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The Certification Conundrum

Updated: Apr 20, 2022

I have certifications. I have also taken classes not involving a certification. Honestly I couldn't say if one is better than the other from a learning point of view, or quality wise. I see value in getting certified, but I also see problems and limitations to their value.

Certifications can be expensive so it is certainly worthwhile to consider the pros and cons, and decide what is best for you.

Why Certifications?

The idea behind certifications is to guarantee quality: of the course and its content, and of skills acquired by the certified individual.

A more cynical reason is for organizations offering certifications to make money. Certification based courses can be very expensive.

  • You pay for the class and to get the certification

  • The trainer pays to do the class

  • You pay to renew your certification

To that end it is in the interest of some certification organizations to make people pass. To be honest, some of the certifications are not that difficult to obtain, which kind of invalidates the original point.

Benefits

From an individual's perspective it can be advantageous to include a certification in the CV. (I have my certifications listed on my LinkedIn profile.)

For employers certifications provide a level of assurance. This is true both when recruiting and when paying for employees' trainings. You can be relatively certain about what you get buying for a certification based training.

Drawbacks

One issue with many certifications is that although you get a sense of assurance, in practice they says very little about how well a person is suited for a specific role or his/her under-standing of the content.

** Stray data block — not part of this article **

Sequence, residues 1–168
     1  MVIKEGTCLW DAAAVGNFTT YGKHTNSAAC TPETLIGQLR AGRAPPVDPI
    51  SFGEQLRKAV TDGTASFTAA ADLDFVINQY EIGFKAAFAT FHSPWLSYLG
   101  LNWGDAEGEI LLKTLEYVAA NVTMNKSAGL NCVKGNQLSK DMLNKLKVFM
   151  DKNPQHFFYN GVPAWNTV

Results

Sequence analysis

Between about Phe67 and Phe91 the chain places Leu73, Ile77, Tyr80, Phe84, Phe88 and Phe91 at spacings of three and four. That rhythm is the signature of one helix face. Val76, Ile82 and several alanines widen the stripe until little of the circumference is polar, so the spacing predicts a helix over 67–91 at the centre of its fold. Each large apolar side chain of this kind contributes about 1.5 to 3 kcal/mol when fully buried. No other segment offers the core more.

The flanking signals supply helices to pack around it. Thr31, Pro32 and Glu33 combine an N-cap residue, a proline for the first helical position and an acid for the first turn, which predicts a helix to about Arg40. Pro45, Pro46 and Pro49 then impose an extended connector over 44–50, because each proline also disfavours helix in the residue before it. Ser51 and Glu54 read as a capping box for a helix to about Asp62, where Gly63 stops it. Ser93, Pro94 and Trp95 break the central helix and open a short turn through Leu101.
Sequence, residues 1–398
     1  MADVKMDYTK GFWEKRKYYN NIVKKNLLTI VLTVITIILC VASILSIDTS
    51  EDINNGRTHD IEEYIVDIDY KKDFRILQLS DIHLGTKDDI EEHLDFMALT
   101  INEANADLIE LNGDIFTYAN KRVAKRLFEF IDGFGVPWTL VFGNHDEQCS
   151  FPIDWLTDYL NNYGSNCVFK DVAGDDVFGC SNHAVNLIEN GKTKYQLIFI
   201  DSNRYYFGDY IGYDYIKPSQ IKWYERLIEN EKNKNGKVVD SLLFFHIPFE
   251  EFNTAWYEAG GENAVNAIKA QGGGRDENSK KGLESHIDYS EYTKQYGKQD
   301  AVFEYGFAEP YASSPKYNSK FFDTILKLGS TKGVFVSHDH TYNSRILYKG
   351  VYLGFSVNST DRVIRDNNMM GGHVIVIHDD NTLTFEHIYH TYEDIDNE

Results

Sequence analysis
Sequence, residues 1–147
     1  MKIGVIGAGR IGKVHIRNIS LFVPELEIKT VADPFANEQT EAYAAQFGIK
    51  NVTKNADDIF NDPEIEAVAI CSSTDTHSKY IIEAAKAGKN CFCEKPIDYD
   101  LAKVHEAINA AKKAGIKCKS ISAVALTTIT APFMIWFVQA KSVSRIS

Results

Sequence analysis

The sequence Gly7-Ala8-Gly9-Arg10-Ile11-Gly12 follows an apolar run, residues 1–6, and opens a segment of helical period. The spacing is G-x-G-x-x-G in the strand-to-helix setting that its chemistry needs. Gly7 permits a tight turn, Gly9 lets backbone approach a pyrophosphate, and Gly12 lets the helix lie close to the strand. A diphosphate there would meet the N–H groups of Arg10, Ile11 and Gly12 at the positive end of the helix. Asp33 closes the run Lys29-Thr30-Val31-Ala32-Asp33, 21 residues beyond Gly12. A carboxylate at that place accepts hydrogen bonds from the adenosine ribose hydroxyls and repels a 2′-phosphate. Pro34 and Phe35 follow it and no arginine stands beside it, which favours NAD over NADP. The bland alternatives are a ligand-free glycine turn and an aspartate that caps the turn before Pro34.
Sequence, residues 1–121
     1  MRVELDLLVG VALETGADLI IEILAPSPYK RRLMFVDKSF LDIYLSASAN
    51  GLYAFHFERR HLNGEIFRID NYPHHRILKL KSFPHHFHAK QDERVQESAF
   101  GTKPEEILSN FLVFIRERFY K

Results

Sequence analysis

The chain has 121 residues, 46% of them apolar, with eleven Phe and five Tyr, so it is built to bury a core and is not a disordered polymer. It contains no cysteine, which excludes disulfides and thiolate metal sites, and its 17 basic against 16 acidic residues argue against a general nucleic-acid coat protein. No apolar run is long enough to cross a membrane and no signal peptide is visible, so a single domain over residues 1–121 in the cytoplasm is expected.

Certifications tend to focus on practical aspects: tools, processes and practices. Less time is spent on truly understanding and discussing mindset and values. This is understandable, as these are more abstract and hence more difficult to certify.


Another drawback of certification centric training is that you get certified on a specific framework, concept or technology. You don't get to know about alternative frameworks or viewpoints.

Sometimes after a training, as you return to your workplace, you end up confused. How do you adopt the topics you learned? During the training everything made so much sense, but it is nothing like what you see at work. The examples are sometimes overly simplified and assuming a somewhat utopian reality.

Conclusions

Certifications have pros and cons. It is a good idea to reflect on what is right for you, and if the extra cost is motivated.

Pros

Cons

Stamp of quality

Expensive

Good addition to CV

Fixed scope and content, with limited flexibility

Focuses mostly on practices and processes

Certification or not, it boils down to the course leader and whether the course is well set up.

In my experience certifications work best for concrete knowledge, for example programming skills and specific technologies (although a programming language certification says fairly little about if a person is a good developer or not).

What is your experience and view on certifications? Did I miss any benefit or drawback?


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